But how do changes at the top open the possibility for addressing the more fundamental problems, if not proclaimed as the goal at the outset? What is required for the change to become a more democratic and transformational process? Can it happen in Zimbabwe?
The same military that has made this change/coup has been a central prop of rule under Mugabe. It was involved in the killings in Matabeleland in the 1980s, that left some 20,000 dead and in the rigging of elections initially won by the Movement for Democratic Change (MDC), then still unified under Morgan Tsvangirai’s leadership. The military has been a central obstacle to the advancement of human rights, responsible for killing and maiming of people who have raised their voice to claim democratic rights. The man who has been installed as interim president, Emmerson Mnangagwa, a loyal supporter of Mugabe until recently, was at the centre of this repression.
There are many reports of violence and killing during this military intervention, targeting a faction within Zanu-PF loyal to Grace Mugabe (known as Generation40 or G40). There have also been reports of clashes with the police, seen as loyal to Grace Mugabe and illegal actions and assaults against some leading police figures.
Put briefly, Mugabeism does not relate purely to the presence of Robert Mugabe but comprises a system of centralised, hierarchical rule, aimed at siphoning off the resources of the state and where opportunities arise, that of other states as in the DRC war, for the benefit of an elite within the military and Zanu-PF. The condition for the survival of this pillage and consequent running down of social services and resultant unemployment, landlessness and poverty is high levels of repression. The two factions that contested power before Mugabe’s fall do not differ over this model of rule, but over who the main beneficiaries should be.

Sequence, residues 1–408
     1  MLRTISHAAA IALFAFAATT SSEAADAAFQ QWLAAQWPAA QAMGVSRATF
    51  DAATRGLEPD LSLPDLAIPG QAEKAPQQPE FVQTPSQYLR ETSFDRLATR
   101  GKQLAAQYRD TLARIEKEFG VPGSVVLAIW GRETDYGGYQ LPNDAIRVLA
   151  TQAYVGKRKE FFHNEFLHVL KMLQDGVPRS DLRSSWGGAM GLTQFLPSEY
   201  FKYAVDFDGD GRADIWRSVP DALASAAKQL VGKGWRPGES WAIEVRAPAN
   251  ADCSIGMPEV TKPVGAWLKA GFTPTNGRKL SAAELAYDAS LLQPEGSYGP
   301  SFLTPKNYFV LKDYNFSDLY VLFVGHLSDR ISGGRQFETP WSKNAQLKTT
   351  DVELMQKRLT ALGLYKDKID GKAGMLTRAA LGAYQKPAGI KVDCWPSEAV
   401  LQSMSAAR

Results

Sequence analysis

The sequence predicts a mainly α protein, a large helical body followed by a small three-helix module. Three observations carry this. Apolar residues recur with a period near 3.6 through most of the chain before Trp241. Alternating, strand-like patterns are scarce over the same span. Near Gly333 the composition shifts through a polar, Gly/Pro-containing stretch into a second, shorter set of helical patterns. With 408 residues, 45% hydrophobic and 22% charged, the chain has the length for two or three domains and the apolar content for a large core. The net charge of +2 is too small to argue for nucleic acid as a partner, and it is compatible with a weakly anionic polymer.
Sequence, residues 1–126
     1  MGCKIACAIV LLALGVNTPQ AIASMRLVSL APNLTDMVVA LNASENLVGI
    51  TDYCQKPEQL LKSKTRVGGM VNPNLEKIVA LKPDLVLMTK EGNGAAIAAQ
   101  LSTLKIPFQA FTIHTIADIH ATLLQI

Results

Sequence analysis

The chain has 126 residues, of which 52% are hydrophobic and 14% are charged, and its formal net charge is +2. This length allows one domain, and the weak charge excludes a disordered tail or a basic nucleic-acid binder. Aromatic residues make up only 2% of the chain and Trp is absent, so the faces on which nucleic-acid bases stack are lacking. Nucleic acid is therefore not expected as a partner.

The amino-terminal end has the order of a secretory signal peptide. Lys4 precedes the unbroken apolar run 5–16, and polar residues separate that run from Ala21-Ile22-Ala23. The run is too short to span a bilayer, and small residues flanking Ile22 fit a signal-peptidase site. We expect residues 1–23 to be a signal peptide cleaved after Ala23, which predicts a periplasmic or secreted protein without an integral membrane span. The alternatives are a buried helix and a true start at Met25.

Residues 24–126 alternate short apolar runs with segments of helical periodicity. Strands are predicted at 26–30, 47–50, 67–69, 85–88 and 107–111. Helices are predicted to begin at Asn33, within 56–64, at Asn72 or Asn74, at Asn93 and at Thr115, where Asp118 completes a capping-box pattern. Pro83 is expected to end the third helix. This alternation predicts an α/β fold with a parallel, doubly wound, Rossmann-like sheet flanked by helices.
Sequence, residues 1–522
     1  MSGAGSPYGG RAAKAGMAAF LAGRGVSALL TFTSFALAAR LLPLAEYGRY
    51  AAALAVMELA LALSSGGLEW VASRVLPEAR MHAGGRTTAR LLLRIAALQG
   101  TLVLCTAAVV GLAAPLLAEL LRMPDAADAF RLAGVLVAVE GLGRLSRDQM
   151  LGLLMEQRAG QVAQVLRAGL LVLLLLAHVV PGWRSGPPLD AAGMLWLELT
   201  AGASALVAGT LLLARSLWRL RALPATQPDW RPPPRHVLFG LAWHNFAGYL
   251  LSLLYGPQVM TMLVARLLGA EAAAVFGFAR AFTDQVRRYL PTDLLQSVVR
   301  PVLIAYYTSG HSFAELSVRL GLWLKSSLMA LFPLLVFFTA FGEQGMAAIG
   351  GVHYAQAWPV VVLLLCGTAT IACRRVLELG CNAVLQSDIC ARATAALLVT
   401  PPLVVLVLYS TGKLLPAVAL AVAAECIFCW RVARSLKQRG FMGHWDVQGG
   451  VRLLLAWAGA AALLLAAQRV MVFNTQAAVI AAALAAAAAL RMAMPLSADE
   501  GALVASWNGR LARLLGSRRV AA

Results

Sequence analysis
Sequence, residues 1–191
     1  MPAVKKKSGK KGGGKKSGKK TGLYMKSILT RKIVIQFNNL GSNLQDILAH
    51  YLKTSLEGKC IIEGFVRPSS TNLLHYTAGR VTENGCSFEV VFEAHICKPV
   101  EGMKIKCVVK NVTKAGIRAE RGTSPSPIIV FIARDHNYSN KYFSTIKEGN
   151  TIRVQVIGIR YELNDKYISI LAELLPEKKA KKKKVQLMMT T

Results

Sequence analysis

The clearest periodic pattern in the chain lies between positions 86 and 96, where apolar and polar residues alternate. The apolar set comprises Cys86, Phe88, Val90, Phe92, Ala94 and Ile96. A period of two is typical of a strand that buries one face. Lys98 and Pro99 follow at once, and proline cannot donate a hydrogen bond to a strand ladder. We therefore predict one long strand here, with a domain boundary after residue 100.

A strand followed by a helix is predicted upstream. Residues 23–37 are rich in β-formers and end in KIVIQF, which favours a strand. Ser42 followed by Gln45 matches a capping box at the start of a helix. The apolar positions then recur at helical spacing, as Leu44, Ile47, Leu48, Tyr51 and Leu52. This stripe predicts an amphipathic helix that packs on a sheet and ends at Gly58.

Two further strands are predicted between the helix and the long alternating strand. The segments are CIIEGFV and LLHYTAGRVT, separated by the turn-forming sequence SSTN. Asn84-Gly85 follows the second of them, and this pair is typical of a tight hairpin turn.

The change that has been brought about through the removal of Mugabe has shifted power within Mugabeism, from the ascendant G40 group, to the Lacoste group, associated with the symbol of the crocodile, signifying loyalty to Mnangagwa. All the features of Mugabeism in relation to the resources of the country and the population at large remain in place and unchanged, though there may be a slightly different configuration of forces within Zanu-PF. The changes can be exaggerated because some of the G40 group have already shifted their allegiance, something which is familiar to anyone following transitions in ANC politics. But the main concern ought to be whether there has been any change in Mugabeism, as a system of rule.